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New England by Heart

Plymouth MA Tour: Plimoth Patuxet (formerly Plimoth Plantation)

You remember this from your school days, perhaps having made a field trip if you grew up in the area. But don’t rely on those childhood memories. You need to visit as an adult – with your knowledge of modern systems and conveniences – to appreciate what life was like in those early days. 2-3 hours is plenty for exploring here.

I love living history museums – the immersion into a different time, with docents in costume and in character, answering your questions and educating in an engaging way. In this case, there are two places – the recreation of 1627 Plimoth Plantation, and Patuxet, representing the community of Wampanoag that inhabited the area ahead of the Pilgrims.

Plimoth Patuxet Colonial Village

Plimoth Plantation changed its name to Plimoth Patuxet in 2020 to put more emphasis on the Wampanoag and their way of life. The Patuxet docents are modern day staff (as opposed to the “in character” docents in the colonial viallage) that educate visitors on the life of the Wampanoag. Patuxet includes winter and summer wetus (temporary huts), a cooking area, and gardens.

A winter wetu
Burning out a very large log for a canoe

Most fascinating for me is the method for making canoes out of tree trunks using only fire. If you are not familiar with the ways of the Wampanoag, this is an excellent chance to learn more, and to dispel many of the myths that surround the older Pilgrim-centric historical records.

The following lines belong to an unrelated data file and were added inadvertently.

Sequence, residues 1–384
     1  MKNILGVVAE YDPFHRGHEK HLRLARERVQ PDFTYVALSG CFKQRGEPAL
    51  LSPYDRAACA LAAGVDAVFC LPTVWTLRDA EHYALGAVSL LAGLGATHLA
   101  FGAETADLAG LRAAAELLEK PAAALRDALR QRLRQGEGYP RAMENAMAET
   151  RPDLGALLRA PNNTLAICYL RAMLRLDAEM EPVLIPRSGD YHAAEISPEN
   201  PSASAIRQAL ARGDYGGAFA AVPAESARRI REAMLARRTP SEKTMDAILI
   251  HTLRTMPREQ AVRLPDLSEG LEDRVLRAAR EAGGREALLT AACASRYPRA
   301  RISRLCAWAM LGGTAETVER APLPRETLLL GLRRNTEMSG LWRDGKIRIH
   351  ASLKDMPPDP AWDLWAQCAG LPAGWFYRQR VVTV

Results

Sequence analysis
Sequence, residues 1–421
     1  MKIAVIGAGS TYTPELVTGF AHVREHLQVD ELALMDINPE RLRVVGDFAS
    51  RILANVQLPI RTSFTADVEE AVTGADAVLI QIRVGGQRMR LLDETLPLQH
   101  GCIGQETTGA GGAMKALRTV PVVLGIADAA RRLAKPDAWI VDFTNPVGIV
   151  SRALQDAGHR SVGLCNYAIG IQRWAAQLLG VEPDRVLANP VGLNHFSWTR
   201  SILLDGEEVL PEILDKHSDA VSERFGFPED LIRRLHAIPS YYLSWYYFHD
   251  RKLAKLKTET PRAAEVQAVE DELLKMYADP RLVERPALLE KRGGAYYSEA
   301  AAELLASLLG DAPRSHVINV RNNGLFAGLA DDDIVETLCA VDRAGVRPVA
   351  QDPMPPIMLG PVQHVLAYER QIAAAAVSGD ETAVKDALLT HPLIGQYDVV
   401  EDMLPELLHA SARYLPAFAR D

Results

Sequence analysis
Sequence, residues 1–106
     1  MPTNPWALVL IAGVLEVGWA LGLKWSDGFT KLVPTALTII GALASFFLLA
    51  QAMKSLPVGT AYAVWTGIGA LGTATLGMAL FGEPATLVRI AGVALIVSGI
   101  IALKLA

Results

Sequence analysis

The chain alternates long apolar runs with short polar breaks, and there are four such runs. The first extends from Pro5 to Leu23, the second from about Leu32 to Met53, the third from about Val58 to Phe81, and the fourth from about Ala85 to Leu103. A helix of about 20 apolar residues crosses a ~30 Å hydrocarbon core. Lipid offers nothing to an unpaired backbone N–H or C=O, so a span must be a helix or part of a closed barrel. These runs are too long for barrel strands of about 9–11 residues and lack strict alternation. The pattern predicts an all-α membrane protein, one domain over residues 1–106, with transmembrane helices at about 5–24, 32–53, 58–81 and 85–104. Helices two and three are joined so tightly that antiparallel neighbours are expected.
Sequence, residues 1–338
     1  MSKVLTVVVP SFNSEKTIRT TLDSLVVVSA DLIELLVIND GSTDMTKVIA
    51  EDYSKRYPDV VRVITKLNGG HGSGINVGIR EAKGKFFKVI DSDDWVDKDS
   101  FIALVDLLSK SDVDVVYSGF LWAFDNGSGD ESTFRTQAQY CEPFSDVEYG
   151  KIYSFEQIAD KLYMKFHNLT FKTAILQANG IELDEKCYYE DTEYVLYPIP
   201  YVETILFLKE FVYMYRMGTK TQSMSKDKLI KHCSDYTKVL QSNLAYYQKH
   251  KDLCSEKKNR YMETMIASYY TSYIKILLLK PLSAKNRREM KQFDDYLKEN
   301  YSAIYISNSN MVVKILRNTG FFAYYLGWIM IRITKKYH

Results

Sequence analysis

On to the colonial village, which is ostensibly a recreation of Leyden Street, Plimoth Colony’s first street, set in the early days of the colony.

Fear Brewster on the left

On a recent visit, I met Fear, the third daughter of Mayflower Pilgrim William Brewster, who arrived with her sister Patience in 1623. Fear was to be married to Isaac Allerton, 20 years her senior, and seemed happy enough about it. But, you know, there weren’t a lot of choices and it was pretty important for young women to be wed in those days.

Life was pretty primitive
The juxtaposition of goods from the more developed homeland was jarring at times, and shows what they left behind to start from scratch.

Clearly, you can spend some time here, and learn a lot, just by engaging with the characters. But there’s more – a crafts center where you can watch expert craftsmen working at pottery and the apothecary; a very large and well done gift shop in the visitor center, and another smaller one in the crafts center; and two small movie theaters that cater to the local populace.

Fall, as with much in New England, is the most comfortable time to visit, but any time of year is fine if you dress appropriately.

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